Gallagher v. Long, C.A. No. 8181-CS (Del. Ch. Feb. 28, 2013) (Strine, C.)

In this letter opinion, the Delaware Court of Chancery granted a motion to dismiss a breach of fiduciary duty claim under the doctrine of laches and rejected motions for oral argument and to recuse Chancellor Leo Strine.

The company at issue was LGF Enterprises, LLC, a Delaware limited liability company (the “Company”), which had three members: Robert Gallagher, Betty Franklin, and Richard Long.  The Company failed to make a profit, and Long filed a motion in the Court of Chancery to dissolve the Company and wind up its affairs.  The Court granted Long’s motion and permitted Long to seize and sell the Company’s assets to recover $1.2 million he paid to the Company and lent to Gallagher.  On June 26 and 27, 2009, Long auctioned the Company’s assets, which netted less than $1.2 million.  On February 17, 2010, the Company’s certificate of cancellation was filed.

More than three years after the June 2009 auction, Gallagher sued Long alleging that Long breached his fiduciary duty as liquidating trustee of the Company by failing to conduct the auction in a manner that maximized the sale price of the Company’s assets.  Long moved to dismiss this claim for being time-barred under the doctrine of laches. 

The Court agreed with Long and dismissed Gallagher’s claim.  The Court first noted that statutes of limitation apply to cases in law, while the doctrine of laches applies to cases in equity.  In certain circumstances, however, the Court of Chancery may apply a statute of limitations to an equitable claim by analogy.  Here, the Court applied the three-year statute of limitations for breach of fiduciary duty to Gallagher’s equitable claim.  The Court found the claim to be time-barred because (i) the alleged breach of fiduciary duty related to the auction, which was more than three years before Gallagher brought his suit, and (ii) Gallagher articulated no reason for failing to sue within the limitations period.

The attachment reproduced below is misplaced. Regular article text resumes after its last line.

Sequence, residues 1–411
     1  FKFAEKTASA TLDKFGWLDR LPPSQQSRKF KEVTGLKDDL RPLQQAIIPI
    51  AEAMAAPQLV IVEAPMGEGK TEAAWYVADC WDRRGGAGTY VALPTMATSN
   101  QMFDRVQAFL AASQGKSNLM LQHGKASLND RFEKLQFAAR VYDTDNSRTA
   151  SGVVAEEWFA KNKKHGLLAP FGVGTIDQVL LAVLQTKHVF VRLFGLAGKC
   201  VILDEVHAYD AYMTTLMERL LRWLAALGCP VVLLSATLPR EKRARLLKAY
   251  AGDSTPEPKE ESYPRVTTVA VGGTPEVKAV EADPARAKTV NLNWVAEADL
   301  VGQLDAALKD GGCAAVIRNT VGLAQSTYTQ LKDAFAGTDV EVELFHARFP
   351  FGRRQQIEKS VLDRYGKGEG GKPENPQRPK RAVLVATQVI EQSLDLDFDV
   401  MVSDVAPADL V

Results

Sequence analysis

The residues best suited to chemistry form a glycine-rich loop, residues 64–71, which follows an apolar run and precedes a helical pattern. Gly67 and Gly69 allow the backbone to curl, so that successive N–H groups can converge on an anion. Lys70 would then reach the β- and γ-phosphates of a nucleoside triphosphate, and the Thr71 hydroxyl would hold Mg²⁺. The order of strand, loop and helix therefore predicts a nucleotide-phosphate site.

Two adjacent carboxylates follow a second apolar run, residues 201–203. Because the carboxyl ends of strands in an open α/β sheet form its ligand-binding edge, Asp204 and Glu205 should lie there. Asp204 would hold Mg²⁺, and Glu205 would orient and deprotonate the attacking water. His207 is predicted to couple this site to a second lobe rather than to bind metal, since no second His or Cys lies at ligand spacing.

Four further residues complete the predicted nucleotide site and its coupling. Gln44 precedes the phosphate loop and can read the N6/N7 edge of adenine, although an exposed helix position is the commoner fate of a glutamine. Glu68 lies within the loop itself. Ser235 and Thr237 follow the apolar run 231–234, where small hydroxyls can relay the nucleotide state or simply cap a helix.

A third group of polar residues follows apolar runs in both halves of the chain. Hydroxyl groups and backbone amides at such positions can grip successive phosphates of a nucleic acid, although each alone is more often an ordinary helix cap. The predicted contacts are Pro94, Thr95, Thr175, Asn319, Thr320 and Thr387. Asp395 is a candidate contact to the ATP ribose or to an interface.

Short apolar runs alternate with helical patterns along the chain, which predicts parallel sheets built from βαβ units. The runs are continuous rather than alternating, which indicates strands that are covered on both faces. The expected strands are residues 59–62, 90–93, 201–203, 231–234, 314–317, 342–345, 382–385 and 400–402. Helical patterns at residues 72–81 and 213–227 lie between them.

The Court also dismissed Gallagher’s motions for oral argument and for Chancellor Strine to recuse himself.  The Court dismissed Gallagher’s motion for oral argument because the record was satisfactory for granting judgment from the briefs and because Gallagher failed to appear for three hearings scheduled in a prior related action.  The Court denied the motion to recuse because Chancellor Strine subjectively believed that he could hear the proceeding free of bias, and found that there was no objective appearance of bias sufficient to cause doubt as to his impartiality.

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